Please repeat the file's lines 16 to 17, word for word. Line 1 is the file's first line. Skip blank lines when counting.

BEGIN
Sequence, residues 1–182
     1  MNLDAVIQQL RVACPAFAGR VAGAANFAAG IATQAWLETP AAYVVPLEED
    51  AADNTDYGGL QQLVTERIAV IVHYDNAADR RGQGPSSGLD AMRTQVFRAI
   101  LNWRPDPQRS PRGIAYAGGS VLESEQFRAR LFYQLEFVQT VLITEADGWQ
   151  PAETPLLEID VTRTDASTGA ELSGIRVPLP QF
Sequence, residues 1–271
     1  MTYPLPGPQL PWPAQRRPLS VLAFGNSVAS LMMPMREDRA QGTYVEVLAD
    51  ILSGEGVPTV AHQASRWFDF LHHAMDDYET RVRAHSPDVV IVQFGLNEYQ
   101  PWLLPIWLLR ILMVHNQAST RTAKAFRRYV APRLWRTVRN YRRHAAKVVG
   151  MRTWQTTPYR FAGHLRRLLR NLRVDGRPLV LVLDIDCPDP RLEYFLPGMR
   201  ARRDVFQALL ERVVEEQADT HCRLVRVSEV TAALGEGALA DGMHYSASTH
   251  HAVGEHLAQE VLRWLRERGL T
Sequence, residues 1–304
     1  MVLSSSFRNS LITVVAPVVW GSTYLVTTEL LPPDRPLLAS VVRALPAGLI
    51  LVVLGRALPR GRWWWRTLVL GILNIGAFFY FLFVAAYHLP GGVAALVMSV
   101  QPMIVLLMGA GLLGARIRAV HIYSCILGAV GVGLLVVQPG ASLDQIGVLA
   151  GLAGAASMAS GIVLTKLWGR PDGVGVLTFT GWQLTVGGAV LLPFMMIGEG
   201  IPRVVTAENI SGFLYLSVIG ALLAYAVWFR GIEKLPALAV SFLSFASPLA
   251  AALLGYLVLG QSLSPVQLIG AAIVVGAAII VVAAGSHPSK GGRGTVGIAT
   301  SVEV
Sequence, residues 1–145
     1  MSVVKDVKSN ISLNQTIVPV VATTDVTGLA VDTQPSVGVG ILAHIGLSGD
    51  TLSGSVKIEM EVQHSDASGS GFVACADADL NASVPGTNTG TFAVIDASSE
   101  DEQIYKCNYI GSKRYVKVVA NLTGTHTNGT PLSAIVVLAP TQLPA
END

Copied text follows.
   101  QPMIVLLMGA GLLGARIRAV HIYSCILGAV GVGLLVVQPG ASLDQIGVLA
   151  GLAGAASMAS GIVLTKLWGR PDGVGVLTFT GWQLTVGGAV LLPFMMIGEG